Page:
Michael Dirda on American Fiction


Survey the literature of the United States and one emblematic figure occurs again and again: the loner. Deep down, every American male would like to be Clint Eastwood, standing quietly on a dusty street, serape flapping in the wind, a Colt six-gun strapped to his hip. At the same time, there is no one Americans fear more than the stranger who comes to town.

For all our lip-service to democracy and egalitarianism, Americans are obsessed with the alienated, the isolato, the solitary – all those who don’t fit in or who abide by their own codes of honour, impervious to the siren calls of the conformist culture around them. Nonetheless, that tough, frontier sensibility is more ideal than reality. Americans may imagine themselves as omnicompetent survivalists, but we actually live lives of quiet desperation, like the broken-down men and women in the paintings of Edward Hopper.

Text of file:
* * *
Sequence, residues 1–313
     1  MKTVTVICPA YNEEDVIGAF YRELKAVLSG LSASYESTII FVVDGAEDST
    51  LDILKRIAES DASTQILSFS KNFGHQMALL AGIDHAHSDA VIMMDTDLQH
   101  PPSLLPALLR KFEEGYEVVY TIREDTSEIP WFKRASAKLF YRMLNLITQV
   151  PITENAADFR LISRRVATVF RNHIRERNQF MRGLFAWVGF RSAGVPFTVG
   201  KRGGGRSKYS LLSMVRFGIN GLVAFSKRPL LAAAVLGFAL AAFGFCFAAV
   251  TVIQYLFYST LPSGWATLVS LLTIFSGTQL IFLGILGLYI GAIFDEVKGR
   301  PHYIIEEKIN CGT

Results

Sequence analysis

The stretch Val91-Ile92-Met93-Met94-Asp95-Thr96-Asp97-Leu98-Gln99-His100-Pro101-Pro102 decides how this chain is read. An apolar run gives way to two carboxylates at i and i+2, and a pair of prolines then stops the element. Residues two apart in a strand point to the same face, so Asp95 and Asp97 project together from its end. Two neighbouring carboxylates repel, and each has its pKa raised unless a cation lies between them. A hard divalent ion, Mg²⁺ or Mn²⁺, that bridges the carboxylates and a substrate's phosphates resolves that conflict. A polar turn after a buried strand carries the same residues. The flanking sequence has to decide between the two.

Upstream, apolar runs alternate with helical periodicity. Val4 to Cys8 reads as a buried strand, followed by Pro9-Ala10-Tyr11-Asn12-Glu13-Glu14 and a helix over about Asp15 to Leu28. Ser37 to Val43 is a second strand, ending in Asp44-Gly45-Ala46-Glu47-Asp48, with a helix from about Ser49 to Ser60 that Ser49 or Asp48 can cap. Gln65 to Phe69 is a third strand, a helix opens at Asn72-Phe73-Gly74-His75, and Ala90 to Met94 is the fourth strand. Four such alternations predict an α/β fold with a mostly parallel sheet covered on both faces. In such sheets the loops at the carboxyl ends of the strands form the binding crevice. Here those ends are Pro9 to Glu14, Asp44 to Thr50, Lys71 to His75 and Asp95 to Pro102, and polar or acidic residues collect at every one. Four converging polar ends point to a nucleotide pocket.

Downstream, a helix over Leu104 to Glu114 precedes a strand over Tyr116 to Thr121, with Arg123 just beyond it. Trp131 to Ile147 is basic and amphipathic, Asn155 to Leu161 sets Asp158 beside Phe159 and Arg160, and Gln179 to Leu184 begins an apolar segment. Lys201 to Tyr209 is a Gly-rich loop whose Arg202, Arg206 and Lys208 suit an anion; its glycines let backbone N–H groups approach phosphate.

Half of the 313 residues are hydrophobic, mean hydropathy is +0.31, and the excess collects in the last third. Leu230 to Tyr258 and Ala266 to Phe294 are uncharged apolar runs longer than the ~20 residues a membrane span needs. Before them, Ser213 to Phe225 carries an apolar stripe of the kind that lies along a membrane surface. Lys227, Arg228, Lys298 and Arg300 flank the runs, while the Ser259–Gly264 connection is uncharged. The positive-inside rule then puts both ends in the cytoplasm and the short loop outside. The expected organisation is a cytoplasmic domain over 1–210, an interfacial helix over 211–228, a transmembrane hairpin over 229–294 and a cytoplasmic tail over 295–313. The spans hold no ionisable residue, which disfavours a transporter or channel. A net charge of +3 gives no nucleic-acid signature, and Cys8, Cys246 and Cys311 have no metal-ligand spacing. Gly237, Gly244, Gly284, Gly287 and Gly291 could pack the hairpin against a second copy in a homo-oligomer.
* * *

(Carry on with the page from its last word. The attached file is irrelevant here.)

From Nathaniel Hawthorne’s Puritansto Paul Auster’s postmodern detectives, the protagonists are haunted men and women, burdened by the past or hostage to their sense of self. Dashiell Hammett’s private eye Sam Spade must live without trusting or loving anyone; Kurt Vonnegut’s Billy Pilgrim can never wholly escape from the fire-bombing of Dresden; James M. Cain’s adulterous couple will slowly tear each other to pieces.

These great novels, through their hard, unflinching visions of life’s darkness, also remind us, yet again, that violence – to ourselves as much as to others – is as American as cherry pie. As we read these books, they unfold to us our own past histories, our own dashed hopes. Not merely exhilarating works of art, they lay bare the American psyche in all its loneliness.